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DECA Returns to International Competition

According to six high school students, winning at the state competition wasn’t the biggest thing they experienced as DECA students to date though that win means competed at the International Competition at the end of April. Being a part of the DECA process itself was the life changer.

Three teams of two moved on to the International Competition after earning top marks in their categories at the state meet in February, seniors Hannah Simpson and Oliver Bowles, freshmen Colby Padgett and Raina Leom, and seniors Callie Miller and Kasey Kleiber. This will be Hannah’s second trip to the international competition.

Oliver said he learned two things overall. “The biggest enemy in life is yourself, and that you never really know someone until you get to know them like this.”

“You can do whatever you set your mind to,” said Callie.

“I agree – 100 percent,” added Kasey.

Students joined DECA and the competition for various reasons, from being persuaded by DECA sponsor Mr. Stewart Burns, to wanting to learn more about the business world.

“I was homeschooled,” said Raina. “I knew I wanted to be a business major and would need this.”

Kasey and Callie “practically grew up together” and had the task of getting adults to trust them with their personal feelings regarding their work environment. This level of comfort with each other helped them with their project.

Kasey also said that her confidence levels have risen.

“Being able to talk to people – that’s good for the future.”

Getting ready for competition takes time and dedication.

“We were literally with each other for months,” said Hannah, regarding working with her partner. “Anytime one of us had free time included countless hours working on our paper, giving speeches, meeting with anyone Mr. Burns set us up with to speak.”

“Eat DECA, sleep DECA,” agreed Oliver.

Each student expressed their amazement and overwhelming feeling of winning such a prestigious competition with and against their peers, calling the experience “nerve-wracking” and “incredible.”

The students were also a bit overwhelmed by the sheer number of students competing.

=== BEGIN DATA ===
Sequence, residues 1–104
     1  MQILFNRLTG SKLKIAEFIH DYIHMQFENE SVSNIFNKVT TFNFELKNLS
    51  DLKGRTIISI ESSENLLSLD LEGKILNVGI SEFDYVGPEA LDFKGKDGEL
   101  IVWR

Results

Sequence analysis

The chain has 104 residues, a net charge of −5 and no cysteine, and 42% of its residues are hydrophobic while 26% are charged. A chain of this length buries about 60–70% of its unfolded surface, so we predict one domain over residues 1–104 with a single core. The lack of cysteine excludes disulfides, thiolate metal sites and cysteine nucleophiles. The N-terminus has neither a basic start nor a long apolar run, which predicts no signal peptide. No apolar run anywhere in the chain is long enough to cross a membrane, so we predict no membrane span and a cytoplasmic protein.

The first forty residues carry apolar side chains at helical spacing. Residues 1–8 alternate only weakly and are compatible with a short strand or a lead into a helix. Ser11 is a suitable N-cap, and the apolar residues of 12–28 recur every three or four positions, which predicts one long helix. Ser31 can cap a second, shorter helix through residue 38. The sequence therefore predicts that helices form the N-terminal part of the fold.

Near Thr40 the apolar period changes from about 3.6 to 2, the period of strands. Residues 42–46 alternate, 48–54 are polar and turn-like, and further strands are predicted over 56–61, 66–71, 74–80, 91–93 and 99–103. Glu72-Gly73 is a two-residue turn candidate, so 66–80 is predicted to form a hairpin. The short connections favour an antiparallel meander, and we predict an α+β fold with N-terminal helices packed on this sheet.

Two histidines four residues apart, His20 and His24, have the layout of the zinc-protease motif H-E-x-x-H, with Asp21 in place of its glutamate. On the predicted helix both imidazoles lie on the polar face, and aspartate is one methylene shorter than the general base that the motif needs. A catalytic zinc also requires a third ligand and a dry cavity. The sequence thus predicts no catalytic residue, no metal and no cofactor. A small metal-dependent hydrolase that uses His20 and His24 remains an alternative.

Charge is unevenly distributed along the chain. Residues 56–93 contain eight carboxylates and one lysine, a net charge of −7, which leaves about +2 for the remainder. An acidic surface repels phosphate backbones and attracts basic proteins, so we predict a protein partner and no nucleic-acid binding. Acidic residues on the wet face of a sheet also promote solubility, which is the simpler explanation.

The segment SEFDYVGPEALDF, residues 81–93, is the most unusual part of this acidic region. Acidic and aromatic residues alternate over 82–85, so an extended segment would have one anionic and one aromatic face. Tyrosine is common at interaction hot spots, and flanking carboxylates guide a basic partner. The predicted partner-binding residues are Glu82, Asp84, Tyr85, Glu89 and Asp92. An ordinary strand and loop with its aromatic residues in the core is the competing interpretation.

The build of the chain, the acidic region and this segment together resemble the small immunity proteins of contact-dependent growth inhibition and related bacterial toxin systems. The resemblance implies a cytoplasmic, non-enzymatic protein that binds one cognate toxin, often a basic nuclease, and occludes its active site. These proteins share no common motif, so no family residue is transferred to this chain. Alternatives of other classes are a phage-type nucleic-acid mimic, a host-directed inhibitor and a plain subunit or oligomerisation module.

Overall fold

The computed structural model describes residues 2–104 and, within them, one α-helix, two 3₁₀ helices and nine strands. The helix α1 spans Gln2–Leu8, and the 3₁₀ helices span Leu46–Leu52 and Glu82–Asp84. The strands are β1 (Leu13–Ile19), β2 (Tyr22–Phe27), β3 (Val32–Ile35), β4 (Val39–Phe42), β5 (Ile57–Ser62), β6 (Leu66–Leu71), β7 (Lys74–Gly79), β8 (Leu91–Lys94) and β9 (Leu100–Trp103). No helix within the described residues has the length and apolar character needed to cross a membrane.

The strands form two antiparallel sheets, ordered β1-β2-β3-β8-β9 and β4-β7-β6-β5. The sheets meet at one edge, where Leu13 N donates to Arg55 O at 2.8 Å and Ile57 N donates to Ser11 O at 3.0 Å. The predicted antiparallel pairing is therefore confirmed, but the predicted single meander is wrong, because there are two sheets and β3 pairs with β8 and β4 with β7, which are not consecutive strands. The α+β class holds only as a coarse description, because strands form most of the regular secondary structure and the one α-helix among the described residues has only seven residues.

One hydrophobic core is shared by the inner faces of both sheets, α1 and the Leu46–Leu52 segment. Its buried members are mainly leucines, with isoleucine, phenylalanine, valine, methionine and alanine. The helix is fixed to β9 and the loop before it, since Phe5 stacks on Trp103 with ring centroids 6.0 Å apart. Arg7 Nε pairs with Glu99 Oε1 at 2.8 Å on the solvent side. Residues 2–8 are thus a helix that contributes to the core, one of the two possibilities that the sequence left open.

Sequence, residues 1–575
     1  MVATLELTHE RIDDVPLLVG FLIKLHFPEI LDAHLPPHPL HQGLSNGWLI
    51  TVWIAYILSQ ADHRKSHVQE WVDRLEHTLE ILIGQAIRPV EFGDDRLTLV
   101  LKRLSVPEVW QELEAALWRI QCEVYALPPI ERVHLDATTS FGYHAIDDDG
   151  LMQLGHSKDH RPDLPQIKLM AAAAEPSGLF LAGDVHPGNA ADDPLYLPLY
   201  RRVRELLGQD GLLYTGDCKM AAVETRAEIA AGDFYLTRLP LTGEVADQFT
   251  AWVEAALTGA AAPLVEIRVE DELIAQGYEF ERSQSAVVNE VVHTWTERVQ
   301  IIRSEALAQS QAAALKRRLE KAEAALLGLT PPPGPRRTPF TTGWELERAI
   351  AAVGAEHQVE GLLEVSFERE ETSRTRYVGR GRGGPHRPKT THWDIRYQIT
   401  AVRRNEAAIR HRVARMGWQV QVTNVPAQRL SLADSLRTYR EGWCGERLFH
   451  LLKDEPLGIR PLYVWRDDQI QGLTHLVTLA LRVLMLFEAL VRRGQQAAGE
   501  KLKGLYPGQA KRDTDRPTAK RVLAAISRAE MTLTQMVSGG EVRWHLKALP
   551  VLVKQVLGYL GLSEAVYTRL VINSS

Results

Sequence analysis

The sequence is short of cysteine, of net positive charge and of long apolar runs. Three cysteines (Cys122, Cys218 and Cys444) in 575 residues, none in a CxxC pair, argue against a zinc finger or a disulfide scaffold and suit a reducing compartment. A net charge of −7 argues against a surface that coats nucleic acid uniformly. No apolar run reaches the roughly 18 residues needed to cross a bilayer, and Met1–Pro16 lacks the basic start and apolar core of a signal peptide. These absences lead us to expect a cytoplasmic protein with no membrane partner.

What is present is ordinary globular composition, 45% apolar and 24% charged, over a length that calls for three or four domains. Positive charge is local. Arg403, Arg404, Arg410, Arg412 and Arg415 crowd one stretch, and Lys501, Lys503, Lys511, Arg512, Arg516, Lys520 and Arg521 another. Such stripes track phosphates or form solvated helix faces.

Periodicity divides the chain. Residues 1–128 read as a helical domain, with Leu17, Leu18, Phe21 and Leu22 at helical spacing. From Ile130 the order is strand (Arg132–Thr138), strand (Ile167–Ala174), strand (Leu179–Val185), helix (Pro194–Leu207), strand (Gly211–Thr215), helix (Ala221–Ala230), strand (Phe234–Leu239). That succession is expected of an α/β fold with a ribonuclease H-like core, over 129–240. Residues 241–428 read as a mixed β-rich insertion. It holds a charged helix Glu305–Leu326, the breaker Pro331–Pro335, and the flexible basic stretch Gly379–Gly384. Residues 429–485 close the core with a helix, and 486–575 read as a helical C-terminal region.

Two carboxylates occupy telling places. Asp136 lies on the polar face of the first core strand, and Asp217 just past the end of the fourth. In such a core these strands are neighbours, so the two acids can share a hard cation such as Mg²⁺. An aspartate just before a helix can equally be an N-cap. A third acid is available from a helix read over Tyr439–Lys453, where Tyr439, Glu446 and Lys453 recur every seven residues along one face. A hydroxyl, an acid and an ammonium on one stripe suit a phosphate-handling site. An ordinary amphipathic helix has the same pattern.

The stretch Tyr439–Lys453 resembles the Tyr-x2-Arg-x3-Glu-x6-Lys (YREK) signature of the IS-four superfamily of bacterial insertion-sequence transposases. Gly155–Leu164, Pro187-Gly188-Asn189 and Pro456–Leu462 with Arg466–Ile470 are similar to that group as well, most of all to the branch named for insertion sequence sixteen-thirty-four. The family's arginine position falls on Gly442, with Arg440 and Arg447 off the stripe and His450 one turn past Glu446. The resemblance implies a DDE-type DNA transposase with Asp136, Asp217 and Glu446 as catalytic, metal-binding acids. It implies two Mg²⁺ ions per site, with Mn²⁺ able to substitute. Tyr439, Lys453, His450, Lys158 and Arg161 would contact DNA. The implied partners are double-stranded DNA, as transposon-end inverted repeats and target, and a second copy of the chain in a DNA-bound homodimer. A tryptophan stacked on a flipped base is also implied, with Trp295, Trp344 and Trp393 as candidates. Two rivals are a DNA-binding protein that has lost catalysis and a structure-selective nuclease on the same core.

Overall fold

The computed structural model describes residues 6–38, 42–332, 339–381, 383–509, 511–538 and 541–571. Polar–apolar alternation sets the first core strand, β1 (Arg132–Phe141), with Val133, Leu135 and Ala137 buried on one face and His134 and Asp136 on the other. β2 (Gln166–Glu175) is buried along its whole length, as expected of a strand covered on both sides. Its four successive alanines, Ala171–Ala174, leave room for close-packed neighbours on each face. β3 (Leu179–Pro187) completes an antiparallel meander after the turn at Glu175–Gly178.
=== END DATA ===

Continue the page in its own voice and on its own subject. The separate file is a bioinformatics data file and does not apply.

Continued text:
“Some schools have so many kids in their chapter,” said Colby.

“We were definitely tiny,” said Kasey.

Teaching and working with DECA students for 19 years, Mr. Burns says that every group has a different “personality” and a comradery that’s not found in most academic competitions. He also says he recruits based on quality, not quantity. “This has a value; this has a place,” he said.

This school year started with 16 students in completion and 10 moving to state. Three out of the five projects advanced to Internationals.

 “Every year is a new challenge and a new group,” said Mr. Burns. “I’m proud of them, but we’re not done. There is a lot of talent sitting here, and I have very high expectations for them when we go to Nashville.”

“I’ll shake their hand when it’s over,” he added. “I’ll dab when they win it.”

About DECA

The DECA website states DECA, almost 70 years old, prepares emerging leaders and entrepreneurs for careers in marketing, finance, hospitality and management in high schools and colleges around the globe, and is organized into two unique student divisions each with programs designed to address the learning styles, interest and focus of its members.

The High School Division includes 200,000 members in 3,500 schools. The Collegiate Division includes over 15,000 members in 275 colleges and universities. DECA Inc. has 215,000 members in all 50 United States, the District of Columbia, Canada, China, Germany, Guam, Mexico, Puerto Rico and Spain. The United States Congress, the United States Department of Education and state, district and international departments of education authorize DECA’s programs.

To compete at the high school level, DECA students choose a topic to research, write a paper and present it to judges at competition. Top scorers move from district, to state, to international competition each year.

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